Well. Wouldn't you like to walk into that room today?
Mmm, mmm, mmm. Thank you for sharing.
Great Herb!!! I wonder if the shaft is powered with a T motor? Love the anvil base.
I don't know where you find these but I'm glad you do. What wonderful places these take us.
They seem to have done a lot of grinding/polishing from the number of wheels on the wall at our left. The motors (?) on the floor might be motorcycle. The wood board floor and window lighting are superb.
I HAVE THE ANVIL IN MY SHOP.THRE IS A NEAT OLD SHOP ON U TUBE,STEAM POWER'D,I THINK YOU TYPE IN OLD STEAM SHOP.ITS VERY NEAT.
not much there i dont have. charley
When I saw this one I was thinking of you Richard.
Could the engines on the floor be for marine? Got pretty big flywheels. That shop is way too clean for those days. Dave in Bellingham,WA
Thanks Herb. You know what I like.
I can't recognize anything specific. Maybe someone else can. Could be marine, David.
I was sitting in the grocery store parking lot...The 'Little Lady" was picking up a few things she forgot...Looking at the Forum on my phone and saw this post....First thing I thought of is "Wait till Richard see's this he'll love it"...
Scroll down and he's already seen it....
Thanks for posting,,,great photo,,,I could spend hours there...
Carl,,aka Slim ,over at the Lazy S Ranch..
Same place, different angle.
Oh My Gosh. As if it being Easter wasn't great enough.
I see a propeller so boat makes sense. I think I can read Winchester on the wooden box.
So start identifying things.
What is the long handled tool on the right side of the photo?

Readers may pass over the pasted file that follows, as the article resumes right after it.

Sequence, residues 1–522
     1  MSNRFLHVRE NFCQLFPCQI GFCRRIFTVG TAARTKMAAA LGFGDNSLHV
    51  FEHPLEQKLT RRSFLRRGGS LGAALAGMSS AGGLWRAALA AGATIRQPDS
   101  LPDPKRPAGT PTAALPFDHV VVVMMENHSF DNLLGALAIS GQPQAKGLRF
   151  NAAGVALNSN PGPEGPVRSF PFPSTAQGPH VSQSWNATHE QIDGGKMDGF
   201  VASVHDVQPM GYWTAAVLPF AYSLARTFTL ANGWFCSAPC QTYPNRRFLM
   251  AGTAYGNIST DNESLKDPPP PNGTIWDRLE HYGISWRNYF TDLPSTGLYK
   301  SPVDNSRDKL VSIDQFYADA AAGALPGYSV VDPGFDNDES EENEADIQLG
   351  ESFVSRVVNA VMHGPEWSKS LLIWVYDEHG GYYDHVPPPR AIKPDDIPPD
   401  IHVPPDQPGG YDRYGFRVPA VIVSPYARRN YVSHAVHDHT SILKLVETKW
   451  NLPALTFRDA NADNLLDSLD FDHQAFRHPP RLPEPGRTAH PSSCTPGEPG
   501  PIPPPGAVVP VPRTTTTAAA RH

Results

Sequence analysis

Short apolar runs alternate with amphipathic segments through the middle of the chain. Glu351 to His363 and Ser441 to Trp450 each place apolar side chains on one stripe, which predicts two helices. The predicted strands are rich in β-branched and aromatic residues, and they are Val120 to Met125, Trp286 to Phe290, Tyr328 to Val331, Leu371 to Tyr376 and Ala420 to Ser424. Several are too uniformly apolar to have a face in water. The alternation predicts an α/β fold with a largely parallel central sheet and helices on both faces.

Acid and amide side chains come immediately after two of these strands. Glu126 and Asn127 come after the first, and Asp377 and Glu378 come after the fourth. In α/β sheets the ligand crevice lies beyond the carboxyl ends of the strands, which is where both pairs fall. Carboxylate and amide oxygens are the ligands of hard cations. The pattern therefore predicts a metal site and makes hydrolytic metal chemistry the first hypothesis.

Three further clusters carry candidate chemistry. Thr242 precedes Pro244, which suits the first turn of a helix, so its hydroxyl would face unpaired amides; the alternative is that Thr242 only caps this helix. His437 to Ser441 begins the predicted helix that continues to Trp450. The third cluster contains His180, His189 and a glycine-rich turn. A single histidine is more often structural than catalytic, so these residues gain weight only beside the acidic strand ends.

What great pictures. Takes me back to working at my grandfather's ship yard in the summers during highschool. It looked about the same except the machines had been converted to electric before WWII. The line shaft was still hanging in the overhead with the big wheels and clutches to engage them. The wood handles hanging down were used to shift the wheels in and out of gear. There's a power hack saw on the forground, 3 laythes, a drill press and a shaper in the back ground. There'a a really big 4 jaw chuck on the bench.
Judging by the 2 marine engines and the propeller I would say it was about 1910.
Thanks for posting
Its curious to see all the different wire and grinder wheels behind the grinder in the right side of the shop in the first photo. Must have been several wheels used for different purposes. Maybe some are buffer wheels.
i see an early TV screen in first photo. mid- way lh side.
Great photo. What a cool period in time. Tim
Fred, I think that's a stove of some kind. Flue pipe above it.
I think it is a forge of some kind.
It's a forge, note the anvil is close by.
What a cool picture, a cool shop, and by golly, no OSHA then! And they survived! Imagine that.
Wow. Great shop.
That second photo answers so many questions.
That's 2 punch presses in the right foreground yes?
Thank you Herb!
Looks more like a machine/fabrication shop. The forge and anvil are an anachronism in a garage. I love the way those belts are arranged to drive various machines. Is that a pipe threader on the right on the tripod stand?
Alan from down under.